Why we strive to make our children perfect
I received an email from a father last week and asked him for permission to share my response to him. Every family is unique in its own way and yet so many of our concerns are universal.
I don’t know if I have a unique problem. My only child is eight years old and I feel that I am failing as a father. She is delightful and enraging all at once.
Sometimes I feel she is turning out to be everything I did not want her to be. I know she’s only 8, but she has already started rebelling. She is good in many things, drawing being her favourite activity.
And yet, I push her to be more perfect, more sparkling, more everything, as if time is running out.
Both of us are working parents. We are unable to give her all the time that we should. But she has her grandparents always around to care for her. I know this does not absolve us of any responsibilities.
I try to read about parenting as much as I can but when it comes to implementing things, I’m hardly ever able to do it. I fail to follow up on things and sometimes my wife does not agree with what I want to do. She feels I am being too finicky about discipline.
Every once in a while I lose my temper and yell at my daughter. And then I keep repenting it the entire day. I want her to be strong and independent. I want to teach her from the mistakes that I’ve made in my life. But that is not happening and I feel I’m failing as a parent.
Father of an eight-year-old daughter
Stand still for a while. Press pause on your anxiety.
The act of asking for help is an important milestone. We are trained to neither acknowledge nor share our vulnerabilities. We bury them deep from where they cannot be heard or seen. You have begun to surrender your inhibitions.
Parents often become enraged with their children, not because the child is behaving inappropriately, but because we are conditioned to be embarrassed by childlike behaviour. We want to erase it.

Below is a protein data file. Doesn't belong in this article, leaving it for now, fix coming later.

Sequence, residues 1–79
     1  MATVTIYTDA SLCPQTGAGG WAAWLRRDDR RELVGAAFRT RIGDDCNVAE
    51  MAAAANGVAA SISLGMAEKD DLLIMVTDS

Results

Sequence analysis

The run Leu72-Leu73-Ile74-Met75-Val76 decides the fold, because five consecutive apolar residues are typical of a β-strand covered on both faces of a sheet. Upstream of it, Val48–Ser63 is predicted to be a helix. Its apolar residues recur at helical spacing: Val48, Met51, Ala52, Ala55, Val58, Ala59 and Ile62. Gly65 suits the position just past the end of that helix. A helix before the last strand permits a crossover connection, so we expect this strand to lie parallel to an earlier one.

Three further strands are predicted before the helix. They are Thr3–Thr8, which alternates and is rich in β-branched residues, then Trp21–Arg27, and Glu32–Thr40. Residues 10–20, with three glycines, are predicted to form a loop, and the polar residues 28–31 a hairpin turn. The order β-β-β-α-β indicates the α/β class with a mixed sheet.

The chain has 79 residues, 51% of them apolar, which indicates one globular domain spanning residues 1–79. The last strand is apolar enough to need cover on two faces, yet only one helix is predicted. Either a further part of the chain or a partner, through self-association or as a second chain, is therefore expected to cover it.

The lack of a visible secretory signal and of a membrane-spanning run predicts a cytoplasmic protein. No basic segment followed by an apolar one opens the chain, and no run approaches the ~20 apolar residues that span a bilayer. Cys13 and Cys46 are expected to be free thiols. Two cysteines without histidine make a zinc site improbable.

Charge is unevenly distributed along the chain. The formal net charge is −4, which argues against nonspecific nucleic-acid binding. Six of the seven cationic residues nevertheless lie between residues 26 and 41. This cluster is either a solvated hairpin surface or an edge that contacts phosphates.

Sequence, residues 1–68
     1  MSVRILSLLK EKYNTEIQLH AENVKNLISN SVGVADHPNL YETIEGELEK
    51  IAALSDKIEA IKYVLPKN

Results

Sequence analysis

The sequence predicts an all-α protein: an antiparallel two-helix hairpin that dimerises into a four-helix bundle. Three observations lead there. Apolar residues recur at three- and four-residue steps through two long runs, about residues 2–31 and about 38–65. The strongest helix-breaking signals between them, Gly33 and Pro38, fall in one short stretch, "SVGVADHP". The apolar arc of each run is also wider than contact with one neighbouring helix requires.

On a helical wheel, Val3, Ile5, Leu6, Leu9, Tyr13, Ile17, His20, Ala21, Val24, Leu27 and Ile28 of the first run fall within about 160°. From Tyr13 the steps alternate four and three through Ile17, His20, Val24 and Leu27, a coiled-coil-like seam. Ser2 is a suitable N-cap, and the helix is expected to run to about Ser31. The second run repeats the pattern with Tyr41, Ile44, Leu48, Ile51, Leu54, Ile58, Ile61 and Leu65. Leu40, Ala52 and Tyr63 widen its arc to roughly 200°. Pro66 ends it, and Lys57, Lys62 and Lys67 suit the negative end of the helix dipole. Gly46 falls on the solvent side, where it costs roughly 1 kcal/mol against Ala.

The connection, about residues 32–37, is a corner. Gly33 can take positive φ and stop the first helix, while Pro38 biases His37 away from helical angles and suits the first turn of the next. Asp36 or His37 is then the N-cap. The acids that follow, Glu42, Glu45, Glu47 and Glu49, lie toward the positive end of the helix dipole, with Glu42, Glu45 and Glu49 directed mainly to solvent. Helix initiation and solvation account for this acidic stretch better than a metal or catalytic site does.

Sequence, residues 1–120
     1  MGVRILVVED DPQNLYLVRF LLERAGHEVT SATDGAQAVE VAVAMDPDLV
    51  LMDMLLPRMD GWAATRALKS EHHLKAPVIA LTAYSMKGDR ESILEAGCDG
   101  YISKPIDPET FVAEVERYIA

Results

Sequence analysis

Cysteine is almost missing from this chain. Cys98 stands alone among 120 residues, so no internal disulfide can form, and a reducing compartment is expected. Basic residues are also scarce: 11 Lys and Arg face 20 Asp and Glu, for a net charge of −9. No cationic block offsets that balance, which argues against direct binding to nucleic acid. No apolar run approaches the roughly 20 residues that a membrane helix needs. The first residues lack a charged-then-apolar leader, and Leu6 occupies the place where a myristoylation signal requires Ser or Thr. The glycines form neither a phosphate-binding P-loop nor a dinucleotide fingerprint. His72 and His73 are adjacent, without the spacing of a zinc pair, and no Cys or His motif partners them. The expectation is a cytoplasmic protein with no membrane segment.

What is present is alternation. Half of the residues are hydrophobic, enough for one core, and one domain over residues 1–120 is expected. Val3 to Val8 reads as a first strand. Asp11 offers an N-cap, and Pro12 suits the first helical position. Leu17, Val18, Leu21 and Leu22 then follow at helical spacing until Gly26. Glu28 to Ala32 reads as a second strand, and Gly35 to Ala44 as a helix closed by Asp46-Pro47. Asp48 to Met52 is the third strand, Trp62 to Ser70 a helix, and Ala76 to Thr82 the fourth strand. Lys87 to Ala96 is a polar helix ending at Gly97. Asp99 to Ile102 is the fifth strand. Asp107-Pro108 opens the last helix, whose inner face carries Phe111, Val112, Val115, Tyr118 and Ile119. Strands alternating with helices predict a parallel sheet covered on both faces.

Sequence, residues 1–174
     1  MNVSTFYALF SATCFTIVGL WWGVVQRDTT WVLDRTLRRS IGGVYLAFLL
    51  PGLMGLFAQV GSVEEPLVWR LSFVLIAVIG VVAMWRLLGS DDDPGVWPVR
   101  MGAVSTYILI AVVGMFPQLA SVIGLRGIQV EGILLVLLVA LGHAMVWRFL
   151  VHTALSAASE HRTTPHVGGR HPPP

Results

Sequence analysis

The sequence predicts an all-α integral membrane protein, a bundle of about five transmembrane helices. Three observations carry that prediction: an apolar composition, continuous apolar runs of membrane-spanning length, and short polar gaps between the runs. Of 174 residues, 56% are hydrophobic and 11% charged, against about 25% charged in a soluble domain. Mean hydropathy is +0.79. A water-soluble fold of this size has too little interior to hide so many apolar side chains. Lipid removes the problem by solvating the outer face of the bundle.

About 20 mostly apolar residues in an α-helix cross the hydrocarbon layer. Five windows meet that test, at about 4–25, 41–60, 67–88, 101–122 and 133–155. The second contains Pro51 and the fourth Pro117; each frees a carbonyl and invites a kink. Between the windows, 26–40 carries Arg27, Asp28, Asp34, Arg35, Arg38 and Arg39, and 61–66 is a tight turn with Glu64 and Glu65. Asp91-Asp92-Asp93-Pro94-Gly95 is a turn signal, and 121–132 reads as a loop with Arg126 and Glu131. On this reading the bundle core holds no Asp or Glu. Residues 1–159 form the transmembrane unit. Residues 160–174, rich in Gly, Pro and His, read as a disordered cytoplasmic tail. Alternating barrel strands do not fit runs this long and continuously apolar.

Move out of your child’s way. Watch her from a distance to know her. An eight-year-old is in a unique stage of life—her imagination guides her and she is learning to understand and control her feelings. She is also discovering her own capabilities.
You don’t have to react to everything your daughter does, whether it is her being brilliant or bored. You don’t need to intervene in her rhythm. You can let her be, you don’t need to judge and measure her against your own unstable expectations.
What will happen if you accept that everything is fine? Will you feel that you are not doing enough? Are you ashamed to be contented? Don’t be.
You are standing in the fog of dissatisfaction. Something is bothering you enough for you to have written in to ask for help. It may not be your child; her presence has just pushed you out of your comfort zone.
I am quite relieved and startled to find that in every paragraph of your email you have also provided an answer to the doubt you are articulating. Your child has her own interests that occupy her. She has the company of her grandparents. Your wife and you provide checks and balances to each other. You have a clear idea that you want your daughter to grow up to be independent.
See your arguments with each other as a safety net for your family. When you disagree as parents, you also learn to see the same situation from a new perspective. When your daughter witnesses her mother and father behaving like equals in their relationship, she learns from experience. You cannot tell her how to be, you can only show her.
Here is something else to do. Look into what’s going on between your own parents and you. Is your own inner child stressed out, always trying to please a parent you are afraid you have failed? Search for the core from where your own restlessness and hurt emanates. How do you feel about yourself when you are alone with yourself?
You say your daughter is great—perfect and sparkling—but you push her to be more perfect. We project our own anxieties on our children, magnifying small details as magnificent faults.
Children make us happy in the most unexpected way. We see flashes of brilliance in their words, drawings and analytical comments that take our breath away. Yet children will be children. They will have bouts of being tired, sleepy, whiny, greedy, clingy and adamant. We don’t always have the energy or patience to deal with their emotional outbursts. Sometimes, even their basic needs overwhelm us.
Step back and focus on your own unmet needs when you feel frustrated, exhausted or full of regret. Get yourself some time to rest, to do things that rejuvenate you. Children are wise and driven by their own inner maps. You need to refuel and restore yourself, so that you can meet your daughter where she is.
Natasha Badhwar is a film-maker, media trainer and author of the forthcoming book, My Daughters’ Mum
She tweets at @natashabadhwar